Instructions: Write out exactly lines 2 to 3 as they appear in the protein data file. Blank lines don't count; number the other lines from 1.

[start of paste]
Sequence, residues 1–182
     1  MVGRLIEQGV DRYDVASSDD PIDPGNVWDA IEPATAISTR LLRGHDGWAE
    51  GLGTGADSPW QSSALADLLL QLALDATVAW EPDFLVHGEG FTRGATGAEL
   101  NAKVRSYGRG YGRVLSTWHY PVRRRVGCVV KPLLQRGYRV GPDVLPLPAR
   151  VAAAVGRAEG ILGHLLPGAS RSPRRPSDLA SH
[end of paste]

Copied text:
     1  MVGRLIEQGV DRYDVASSDD PIDPGNVWDA IEPATAISTR LLRGHDGWAE
    51  GLGTGADSPW QSSALADLLL QLALDATVAW EPDFLVHGEG FTRGATGAEL